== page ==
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Debugging some finance-related SQL code found a strange issue with numeric(24,8) mathematics precision.

Running the following query on your MSSQL you would get A + B * C expression result to be 0.123457

SELECT A, B, C, A + B * C FROM ( SELECT CAST(0.12345678 AS NUMERIC(24,8)) AS A, CAST(0 AS NUMERIC(24,8)) AS B, CAST(500 AS NUMERIC(24,8)) AS C ) T

So we have lost 2 significant symbols. Trying to get this fixed in different ways i got that conversion of the intermediate multiplication result (which is Zero!) to numeric (24,8) would work fine.

And finally a have a solution. But still I hace a question - why MSSQL behaves in this way and which type conversions actually occured in my sample?

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4 Answers 4

up vote 7 down vote accepted

Just as addition of the float type is inaccurate, multiplication of the decimal types can be inaccurate (or cause inaccuracy) if you exceed the precision. See Data Type Conversion and decimal and numeric.

Since you multiplied NUMERIC(24,8) and NUMERIC(24,8), and SQL Server will only check the type not the content, it probably will try to save the potential 16 non-decimal digits (24 - 8) when it can't save all 48 digits of precision (max is 38). Combine two of them, you get 32 non-decimal digits, which leaves you with only 6 decimal digits (38 - 32).

Thus the original query

SELECT A, B, C, A + B * C
FROM ( SELECT CAST(0.12345678 AS NUMERIC(24,8)) AS A,
  CAST(0 AS NUMERIC(24,8)) AS B,
  CAST(500 AS NUMERIC(24,8)) AS C ) T

reduces to

FROM ( SELECT CAST(0.12345678 AS NUMERIC(24,8)) AS A,
  CAST(0 AS NUMERIC(24,8)) AS B,
  CAST(500 AS NUMERIC(24,8)) AS C,
  CAST(0 AS NUMERIC(38,6)) AS D ) T

Again, between NUMERIC(24,8) and NUMERIC(38,6), SQL Server will try to save the potential 32 digits of non-decimals, so A + D reduces to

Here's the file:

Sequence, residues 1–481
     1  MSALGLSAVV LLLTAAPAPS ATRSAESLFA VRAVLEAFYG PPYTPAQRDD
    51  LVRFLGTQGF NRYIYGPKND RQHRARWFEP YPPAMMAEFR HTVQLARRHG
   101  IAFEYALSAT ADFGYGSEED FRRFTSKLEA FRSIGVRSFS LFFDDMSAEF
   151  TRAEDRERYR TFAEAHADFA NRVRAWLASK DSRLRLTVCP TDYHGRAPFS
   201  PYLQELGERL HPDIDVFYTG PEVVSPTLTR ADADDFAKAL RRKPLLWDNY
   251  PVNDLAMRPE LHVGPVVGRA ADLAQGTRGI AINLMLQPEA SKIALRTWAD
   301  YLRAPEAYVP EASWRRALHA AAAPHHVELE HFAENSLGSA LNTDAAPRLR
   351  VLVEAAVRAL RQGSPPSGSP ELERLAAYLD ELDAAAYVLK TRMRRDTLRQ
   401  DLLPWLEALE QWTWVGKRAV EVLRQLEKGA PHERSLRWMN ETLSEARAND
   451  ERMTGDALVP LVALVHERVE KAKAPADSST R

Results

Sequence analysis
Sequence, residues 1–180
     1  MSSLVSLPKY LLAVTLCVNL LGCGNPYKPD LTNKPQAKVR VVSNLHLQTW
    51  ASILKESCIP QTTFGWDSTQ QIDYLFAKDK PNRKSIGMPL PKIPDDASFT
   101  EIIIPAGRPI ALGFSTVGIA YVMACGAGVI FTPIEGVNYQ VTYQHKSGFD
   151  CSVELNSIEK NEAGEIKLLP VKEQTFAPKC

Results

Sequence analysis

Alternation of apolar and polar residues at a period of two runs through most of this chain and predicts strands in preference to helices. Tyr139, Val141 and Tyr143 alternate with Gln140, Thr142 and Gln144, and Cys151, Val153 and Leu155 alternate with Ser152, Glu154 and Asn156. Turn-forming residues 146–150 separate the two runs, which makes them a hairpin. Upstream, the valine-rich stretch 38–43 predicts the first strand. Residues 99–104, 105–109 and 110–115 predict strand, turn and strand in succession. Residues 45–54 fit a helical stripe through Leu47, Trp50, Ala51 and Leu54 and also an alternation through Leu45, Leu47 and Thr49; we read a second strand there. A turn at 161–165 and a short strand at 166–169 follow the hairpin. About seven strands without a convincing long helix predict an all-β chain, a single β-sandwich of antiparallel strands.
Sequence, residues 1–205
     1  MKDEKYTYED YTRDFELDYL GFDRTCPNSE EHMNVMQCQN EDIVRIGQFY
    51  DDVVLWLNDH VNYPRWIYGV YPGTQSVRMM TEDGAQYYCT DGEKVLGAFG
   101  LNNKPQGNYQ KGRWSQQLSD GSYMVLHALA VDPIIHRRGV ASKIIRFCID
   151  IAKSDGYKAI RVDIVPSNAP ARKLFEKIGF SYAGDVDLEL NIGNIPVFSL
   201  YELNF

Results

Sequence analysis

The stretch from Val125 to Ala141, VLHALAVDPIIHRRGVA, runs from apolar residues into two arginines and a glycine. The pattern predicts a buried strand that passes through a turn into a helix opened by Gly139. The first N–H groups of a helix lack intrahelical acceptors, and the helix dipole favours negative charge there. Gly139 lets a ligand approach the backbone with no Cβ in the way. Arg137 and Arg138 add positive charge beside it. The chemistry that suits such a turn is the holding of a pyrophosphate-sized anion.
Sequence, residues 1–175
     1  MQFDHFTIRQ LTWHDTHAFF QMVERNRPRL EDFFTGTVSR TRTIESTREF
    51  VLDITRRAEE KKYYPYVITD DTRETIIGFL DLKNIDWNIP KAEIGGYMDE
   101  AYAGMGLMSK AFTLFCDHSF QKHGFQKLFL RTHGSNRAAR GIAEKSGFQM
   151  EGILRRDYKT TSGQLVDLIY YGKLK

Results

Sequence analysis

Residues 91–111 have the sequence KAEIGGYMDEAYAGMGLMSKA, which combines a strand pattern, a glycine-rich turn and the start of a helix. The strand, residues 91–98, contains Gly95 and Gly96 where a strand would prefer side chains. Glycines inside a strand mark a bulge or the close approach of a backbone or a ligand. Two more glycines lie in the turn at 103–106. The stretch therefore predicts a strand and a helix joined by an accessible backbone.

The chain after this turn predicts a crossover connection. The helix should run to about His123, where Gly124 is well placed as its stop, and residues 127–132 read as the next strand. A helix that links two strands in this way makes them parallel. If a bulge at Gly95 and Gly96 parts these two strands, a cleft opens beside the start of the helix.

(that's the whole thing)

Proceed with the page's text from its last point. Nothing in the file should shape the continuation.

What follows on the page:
SELECT CAST(0.12345678 AS NUMERIC(38,6))

which gives you 0.123457 after rounding.

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do you meant NUMERIC(32,6)) ?? If the sum must be 38 –  Edmondo1984 Dec 3 '12 at 19:47
@Edmondo1984 Please read the links and understand what both numbers mean. –  Eugene Yokota Dec 3 '12 at 20:06
You say that when multiplying two numeric (24,8) the server will try to save 16 bits and produce a (32,6) , how does it become a 38,6? Thanks –  Edmondo1984 Dec 4 '12 at 5:53
@Edmondo1984 In NUMERIC(p, s), p stands for precision the total number of digits. So in NUMERIC(24, 8) there are 16 digits of non-decimals. No bits. Again, please read the link to the msdn docs. –  Eugene Yokota Dec 4 '12 at 21:11

Following the logic pointed out by eed3si9n and what you said in your question it seems that the best approach when doing mathematics operations is to extract them into a function and additionally to specify precision after each operation,

It this case the function could look something like:

create function dbo.myMath(@a as numeric(24,8), @b as numeric(24,8), @c as numeric(24,8))
returns  numeric(24,8)
    declare @d as numeric(24,8)
    set @d = @b* @c
    return @a + @d
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That approach may not solve the issue of SQL Server chopping off the decimal parts. To save the decimal parts, it may be necessary to cast to @a and @b into double. –  Eugene Yokota Sep 24 '08 at 12:48
Thanks, I will keep it in mind when working on some precision maths in SQL, So far I have not need to use it but it is good to now that there may be some issues to consider –  kristof Sep 25 '08 at 11:09

Then why does:

FROM (SELECT CAST(0.12345678 AS NUMERIC(25,8)) AS A, 

give 0.123457 and not 0.1235

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See eed3si9n's answer. It was pretty clear. –  NotMe Mar 25 '10 at 13:39
obviously I didn't think it was clear and that is why I asked this question. –  Rob Apr 30 '10 at 11:13

Despite what it says on Precision, Scale, and Length (Transact-SQL). I believe it is also applying a minimum 'scale' (number of decimal places) of 6 to the resulting NUMERIC type for multiplication the same as it does for division etc.

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